We found that alcohol intoxication at least once per week and smoking 10 or more cigarettes daily is associated with the risk of major depressive episode. This study also reports that at the population level both cigarette smoking and alcohol intoxication, after adjusting for other risk factors, are associated with major depressive episode independently of each other.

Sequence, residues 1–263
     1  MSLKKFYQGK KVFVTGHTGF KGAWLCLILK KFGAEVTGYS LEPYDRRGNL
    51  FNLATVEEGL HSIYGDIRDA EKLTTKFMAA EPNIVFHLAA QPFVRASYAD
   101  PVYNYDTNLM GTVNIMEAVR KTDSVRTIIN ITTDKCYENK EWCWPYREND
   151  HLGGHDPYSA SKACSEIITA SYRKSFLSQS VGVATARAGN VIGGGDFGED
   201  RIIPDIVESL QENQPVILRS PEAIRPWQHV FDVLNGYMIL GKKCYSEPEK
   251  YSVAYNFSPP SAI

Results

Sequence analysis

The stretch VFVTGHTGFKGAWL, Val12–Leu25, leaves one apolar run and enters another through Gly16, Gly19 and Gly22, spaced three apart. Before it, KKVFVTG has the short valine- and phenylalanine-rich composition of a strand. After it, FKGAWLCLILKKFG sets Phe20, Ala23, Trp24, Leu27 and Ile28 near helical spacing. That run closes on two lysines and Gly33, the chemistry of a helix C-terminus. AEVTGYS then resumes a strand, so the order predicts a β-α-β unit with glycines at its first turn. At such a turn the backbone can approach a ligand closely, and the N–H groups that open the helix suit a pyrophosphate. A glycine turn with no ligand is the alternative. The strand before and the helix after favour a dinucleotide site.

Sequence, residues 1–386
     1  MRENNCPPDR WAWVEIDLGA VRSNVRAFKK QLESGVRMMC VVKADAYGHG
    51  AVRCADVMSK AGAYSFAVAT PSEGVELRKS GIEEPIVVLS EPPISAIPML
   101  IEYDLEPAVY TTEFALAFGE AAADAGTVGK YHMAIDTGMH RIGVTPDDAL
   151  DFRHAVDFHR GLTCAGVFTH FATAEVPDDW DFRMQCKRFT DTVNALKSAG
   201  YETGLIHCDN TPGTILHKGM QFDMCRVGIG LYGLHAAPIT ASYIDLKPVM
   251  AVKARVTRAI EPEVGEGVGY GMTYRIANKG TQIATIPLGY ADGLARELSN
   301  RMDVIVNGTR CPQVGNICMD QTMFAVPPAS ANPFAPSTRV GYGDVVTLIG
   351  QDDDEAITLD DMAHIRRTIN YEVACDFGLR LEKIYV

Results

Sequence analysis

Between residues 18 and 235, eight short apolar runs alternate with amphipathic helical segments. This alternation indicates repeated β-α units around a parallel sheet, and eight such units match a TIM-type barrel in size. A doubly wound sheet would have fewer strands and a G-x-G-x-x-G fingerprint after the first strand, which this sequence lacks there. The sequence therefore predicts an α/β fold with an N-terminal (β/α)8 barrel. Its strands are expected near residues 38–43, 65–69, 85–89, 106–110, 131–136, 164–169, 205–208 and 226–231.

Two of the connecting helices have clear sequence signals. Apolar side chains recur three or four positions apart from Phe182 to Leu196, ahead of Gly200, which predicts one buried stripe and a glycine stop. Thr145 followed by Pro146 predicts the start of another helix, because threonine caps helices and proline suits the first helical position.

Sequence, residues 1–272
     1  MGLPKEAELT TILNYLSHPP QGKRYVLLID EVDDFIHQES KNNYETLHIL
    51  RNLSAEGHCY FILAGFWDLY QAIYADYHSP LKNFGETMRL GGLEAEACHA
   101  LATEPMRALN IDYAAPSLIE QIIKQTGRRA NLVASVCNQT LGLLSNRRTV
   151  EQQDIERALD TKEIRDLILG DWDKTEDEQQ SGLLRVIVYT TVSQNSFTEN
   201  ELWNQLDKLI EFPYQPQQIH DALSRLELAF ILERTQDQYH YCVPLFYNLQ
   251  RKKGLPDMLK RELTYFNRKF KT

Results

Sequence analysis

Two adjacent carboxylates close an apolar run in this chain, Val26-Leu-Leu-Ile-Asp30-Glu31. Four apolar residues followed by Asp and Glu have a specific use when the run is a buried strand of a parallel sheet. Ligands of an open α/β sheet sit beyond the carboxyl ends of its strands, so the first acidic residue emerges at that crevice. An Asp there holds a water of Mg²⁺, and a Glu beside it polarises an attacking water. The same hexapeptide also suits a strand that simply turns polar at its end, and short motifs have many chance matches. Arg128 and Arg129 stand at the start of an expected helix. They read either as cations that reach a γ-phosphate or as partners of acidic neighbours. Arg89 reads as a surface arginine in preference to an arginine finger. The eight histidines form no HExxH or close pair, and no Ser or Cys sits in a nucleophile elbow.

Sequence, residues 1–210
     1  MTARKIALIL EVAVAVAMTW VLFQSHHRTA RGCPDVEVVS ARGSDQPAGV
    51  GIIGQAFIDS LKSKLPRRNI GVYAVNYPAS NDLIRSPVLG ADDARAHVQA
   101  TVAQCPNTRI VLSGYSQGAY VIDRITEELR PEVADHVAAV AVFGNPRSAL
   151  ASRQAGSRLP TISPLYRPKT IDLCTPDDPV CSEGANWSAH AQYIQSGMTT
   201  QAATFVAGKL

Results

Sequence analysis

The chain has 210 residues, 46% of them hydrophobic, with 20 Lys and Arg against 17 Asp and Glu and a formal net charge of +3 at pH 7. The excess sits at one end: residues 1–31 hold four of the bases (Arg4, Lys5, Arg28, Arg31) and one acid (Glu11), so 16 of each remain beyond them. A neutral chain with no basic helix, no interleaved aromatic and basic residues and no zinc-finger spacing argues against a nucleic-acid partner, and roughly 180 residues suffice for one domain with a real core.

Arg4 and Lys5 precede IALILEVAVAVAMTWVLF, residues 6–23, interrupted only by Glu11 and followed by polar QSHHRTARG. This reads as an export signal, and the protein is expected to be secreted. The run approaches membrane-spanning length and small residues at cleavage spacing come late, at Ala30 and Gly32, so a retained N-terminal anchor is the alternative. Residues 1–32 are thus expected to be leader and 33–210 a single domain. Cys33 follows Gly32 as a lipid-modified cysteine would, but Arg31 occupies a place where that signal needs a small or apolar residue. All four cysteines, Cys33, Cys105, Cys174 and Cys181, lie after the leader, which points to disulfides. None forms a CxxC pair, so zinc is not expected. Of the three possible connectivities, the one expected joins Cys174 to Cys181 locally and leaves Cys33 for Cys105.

This study involved a large random sample of a non-institutionalised general population (n=5993) representing the whole of Finland. The participation rate of households interviewed was high and the interviews were made by professional interviewers specially trained by two experienced psychiatrists in the use of the UM-CIDI Short Form. The study sample is closely comparable to the entire Finnish population for the sociodemographic characteristics investigated.19 The Short Form of the UM-CIDI is a shortened form plus an algorithm based on the NCS findings. The characteristics of this method are discussed in the FHCS prevalence study.19 No indication of cultural biases in the validity of UM-CIDI has arisen. Our prevalence estimate for major depressive episode was convergent with most other general population studies.19 Our instrument did not generate diagnoses of specific mood disorders but only of major depressive episode. It is probable that most of the people with a major depressive episode had unipolar major depression. For comparison, in the Epidemiological Catchment Area (ECA) study23 77% of subjects with major depressive episode had unipolar major depression and most of the remainder were suffering from bipolar disorders or bereavement. We also lacked diagnostic level information on substance abuse or dependence. In earlier studies with adults, the association between smoking and MDD,24 and (mild or moderate) nicotine dependence and MDD,25 remained significant even after controlling for other psychiatric disorders.